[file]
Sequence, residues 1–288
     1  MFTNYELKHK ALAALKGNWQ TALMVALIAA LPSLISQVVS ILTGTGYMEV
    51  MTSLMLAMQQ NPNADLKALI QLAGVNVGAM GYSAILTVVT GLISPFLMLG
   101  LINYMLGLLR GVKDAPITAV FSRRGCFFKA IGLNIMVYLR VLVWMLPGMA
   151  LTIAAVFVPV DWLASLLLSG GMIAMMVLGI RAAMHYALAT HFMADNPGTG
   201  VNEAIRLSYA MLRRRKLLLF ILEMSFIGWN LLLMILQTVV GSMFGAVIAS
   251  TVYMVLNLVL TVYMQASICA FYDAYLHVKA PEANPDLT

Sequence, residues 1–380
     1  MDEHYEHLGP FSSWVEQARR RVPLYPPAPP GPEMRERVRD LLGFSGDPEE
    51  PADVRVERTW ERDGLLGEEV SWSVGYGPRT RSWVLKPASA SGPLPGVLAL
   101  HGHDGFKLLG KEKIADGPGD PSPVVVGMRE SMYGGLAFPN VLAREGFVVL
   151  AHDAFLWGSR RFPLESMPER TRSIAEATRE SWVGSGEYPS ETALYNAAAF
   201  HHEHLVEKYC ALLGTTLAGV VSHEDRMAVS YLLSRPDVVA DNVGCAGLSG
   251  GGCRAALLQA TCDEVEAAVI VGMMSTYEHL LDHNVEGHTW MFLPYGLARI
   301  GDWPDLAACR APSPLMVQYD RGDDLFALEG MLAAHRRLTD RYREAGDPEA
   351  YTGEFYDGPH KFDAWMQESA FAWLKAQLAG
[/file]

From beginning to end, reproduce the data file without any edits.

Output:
Sequence, residues 1–288
     1  MFTNYELKHK ALAALKGNWQ TALMVALIAA LPSLISQVVS ILTGTGYMEV
    51  MTSLMLAMQQ NPNADLKALI QLAGVNVGAM GYSAILTVVT GLISPFLMLG
   101  LINYMLGLLR GVKDAPITAV FSRRGCFFKA IGLNIMVYLR VLVWMLPGMA
   151  LTIAAVFVPV DWLASLLLSG GMIAMMVLGI RAAMHYALAT HFMADNPGTG
   201  VNEAIRLSYA MLRRRKLLLF ILEMSFIGWN LLLMILQTVV GSMFGAVIAS
   251  TVYMVLNLVL TVYMQASICA FYDAYLHVKA PEANPDLT

Sequence, residues 1–380
     1  MDEHYEHLGP FSSWVEQARR RVPLYPPAPP GPEMRERVRD LLGFSGDPEE
    51  PADVRVERTW ERDGLLGEEV SWSVGYGPRT RSWVLKPASA SGPLPGVLAL
   101  HGHDGFKLLG KEKIADGPGD PSPVVVGMRE SMYGGLAFPN VLAREGFVVL
   151  AHDAFLWGSR RFPLESMPER TRSIAEATRE SWVGSGEYPS ETALYNAAAF
   201  HHEHLVEKYC ALLGTTLAGV VSHEDRMAVS YLLSRPDVVA DNVGCAGLSG
   251  GGCRAALLQA TCDEVEAAVI VGMMSTYEHL LDHNVEGHTW MFLPYGLARI
   301  GDWPDLAACR APSPLMVQYD RGDDLFALEG MLAAHRRLTD RYREAGDPEA
   351  YTGEFYDGPH KFDAWMQESA FAWLKAQLAG